MOOC #1: Done


The First of my Coursera Mooc courses, snappily entitled Developing Innovative ideas for New Companies: The 1st Step in Entrepreneurship, has come to an end. In fact the lectures finished a couple of weeks ago, but  then there was a final peer review assignment, and the reviewing period takes a while due to its nature. I’ll explain more in a moment. It will be another week or two before I get my final grade.

For me it has been an invigorating journey. The content is new and relevant to me, so that’s ultimately what I am here for, but the method, the delivery system was also new, and I had to learn how to work with it as the course progressed. What is also clear though, is that the MOOC concept, the universities running content, and the individual course tutors, are all developing and learning as well. This is great. it’s exciting to be learning again, but a bonus to be part of a learning revolution.

So to explain the format. The course is run in real time over 6-8 weeks, with a real course tutor who is a lecturer at a university, presumably with many other responsibilities. Each week we get an introductory message, and then a series of video lectures that cluster around that weeks topics. The fact that content is released week by week gives a certain structure to teh course , which is great for me, but restrictive for some, and I understand they are reviewing this. Not everyone comes to Coursera with the time and inclination to take the full course. The tutor seems to recognise that, of his 65,000 students, some just want to fast-track to relevant content and benefit from his, and the university’s, wisdom, without the slog. For me though, the slog is good. So you watch the lectures, and if you are smart you make notes. There are a couple of inline quiz questions to keep you awake. Then there is a more in-depth quiz with some multi-choice and soem free-text questions very tightly related to that week’s content. The questions in part are more a test of participation than an intellectual one. The real substance comes from two peer-reviewed assignments. From when they are set you have a week to complete a exercise around a real or imagined business venture, using tools and techniques learned recently on the course. And for this course here is where the point lies. You get to critically analyse your business concepts across a number of dimensions, which lets you start to see how narrow your initial entrepreneurial ideas may have been. Once submitted you then have a week while 3-5 other students anonymously review your work against soem specified criteria, and you get to do the same. Your grade is simply the avarage of the reviews from others. So the timetable is something like:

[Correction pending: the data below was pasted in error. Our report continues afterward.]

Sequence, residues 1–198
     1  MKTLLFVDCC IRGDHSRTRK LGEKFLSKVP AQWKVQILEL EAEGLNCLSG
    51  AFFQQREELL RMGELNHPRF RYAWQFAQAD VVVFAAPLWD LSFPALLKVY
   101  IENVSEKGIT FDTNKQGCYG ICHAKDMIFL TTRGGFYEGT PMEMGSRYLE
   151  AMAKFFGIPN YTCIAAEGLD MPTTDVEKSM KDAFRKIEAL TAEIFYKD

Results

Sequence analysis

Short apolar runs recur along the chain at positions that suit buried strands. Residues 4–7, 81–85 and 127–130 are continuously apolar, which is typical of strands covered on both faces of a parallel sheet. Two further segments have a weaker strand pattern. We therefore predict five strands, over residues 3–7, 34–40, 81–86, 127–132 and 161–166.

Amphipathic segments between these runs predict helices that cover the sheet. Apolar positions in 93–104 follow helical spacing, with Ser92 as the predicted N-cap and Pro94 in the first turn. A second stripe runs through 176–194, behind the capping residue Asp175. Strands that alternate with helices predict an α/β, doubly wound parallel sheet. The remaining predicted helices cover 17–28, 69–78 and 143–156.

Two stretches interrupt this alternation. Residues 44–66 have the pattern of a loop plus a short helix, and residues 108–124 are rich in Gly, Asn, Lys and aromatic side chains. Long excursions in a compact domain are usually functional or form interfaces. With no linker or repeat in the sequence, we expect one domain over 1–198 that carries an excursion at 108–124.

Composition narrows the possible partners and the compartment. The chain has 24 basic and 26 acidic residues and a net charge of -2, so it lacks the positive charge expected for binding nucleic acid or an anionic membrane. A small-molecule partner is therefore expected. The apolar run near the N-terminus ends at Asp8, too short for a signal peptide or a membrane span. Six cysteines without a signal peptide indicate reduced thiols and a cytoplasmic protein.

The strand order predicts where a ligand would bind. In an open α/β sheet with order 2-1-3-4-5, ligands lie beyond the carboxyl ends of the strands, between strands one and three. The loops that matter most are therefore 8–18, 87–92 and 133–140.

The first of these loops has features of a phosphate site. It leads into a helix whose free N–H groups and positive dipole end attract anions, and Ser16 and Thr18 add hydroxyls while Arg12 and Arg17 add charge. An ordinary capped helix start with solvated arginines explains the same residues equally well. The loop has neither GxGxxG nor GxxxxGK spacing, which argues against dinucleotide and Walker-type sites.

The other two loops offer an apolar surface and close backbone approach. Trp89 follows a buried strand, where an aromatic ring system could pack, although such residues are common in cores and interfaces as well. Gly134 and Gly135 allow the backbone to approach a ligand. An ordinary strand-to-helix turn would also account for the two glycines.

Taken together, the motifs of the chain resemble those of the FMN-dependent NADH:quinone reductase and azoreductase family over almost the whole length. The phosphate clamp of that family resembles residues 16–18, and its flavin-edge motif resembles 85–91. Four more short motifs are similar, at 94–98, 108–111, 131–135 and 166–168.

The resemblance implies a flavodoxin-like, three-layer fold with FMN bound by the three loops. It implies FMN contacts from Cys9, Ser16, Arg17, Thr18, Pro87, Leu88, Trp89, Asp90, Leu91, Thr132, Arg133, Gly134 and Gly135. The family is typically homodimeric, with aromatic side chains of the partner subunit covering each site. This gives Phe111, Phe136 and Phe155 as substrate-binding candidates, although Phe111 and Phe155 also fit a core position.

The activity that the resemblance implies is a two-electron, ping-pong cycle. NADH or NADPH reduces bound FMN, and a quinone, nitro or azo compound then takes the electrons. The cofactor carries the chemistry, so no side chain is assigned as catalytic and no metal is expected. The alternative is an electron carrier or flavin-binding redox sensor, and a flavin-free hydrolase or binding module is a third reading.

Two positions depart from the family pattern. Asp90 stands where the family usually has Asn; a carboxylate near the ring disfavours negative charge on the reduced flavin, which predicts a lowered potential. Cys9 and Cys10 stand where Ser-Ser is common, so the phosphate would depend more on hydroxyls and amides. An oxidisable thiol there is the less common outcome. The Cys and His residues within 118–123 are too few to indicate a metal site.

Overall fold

• 1st Monday: assignment set
  • 2nd Monday: assignment due for submission (no late submissions possible), peer review opens, and self evaluation
  • 3rd Monday: peer review closes, and you get access to your reviewers comments and score

In addition to the course content, you have the forums. Many people setup offline facebook or Google+ study groups as well. There is a lot of boise on these, as you may expect. But there are soem people with very definitive ideas, looking for colleagues to work with and share ideas. I have no idea how successful this is but you definitely get a sense of belonging. It aso lets you see how very international the scope of the students is. It’s quite humbling.

So after 6 weeks of lectures and two further weeks of activity, how do I feel? I certainly found the Coursera experience to be comprehensive. It is much more immersive than other study methods I am following and, because it overlapped with another Coursera course, my 8-12 hours per week of study time became monopolised. I am glad it’s at an end, but also glad I have done it. I will certainly do another MOOC before too long,although I do want to get back to some of the other learning channels. The good thing is, being entirely, 100% free of charge, if you miss soem content or want to see how the course has developed, you can re-enroll in the next lap of the course.

In terms of content and style, I have definitely learned some real tools and thinking methods that i can use on the ground to test and develop ideas I have for business. But they have ben dressed up in a rather dry, academic framework. This is reasonable, since the content comes out of a dry, academic environment. The benefit of that environment is the depth and breadth of credibility and context backing up the specific content I am seeing. On balance I think I can justify the 20 hours or so of my life that it took up, with the real knowledge gained, the experience and reward I gained from sticking with the course.

Mooc is good. You should have a go.


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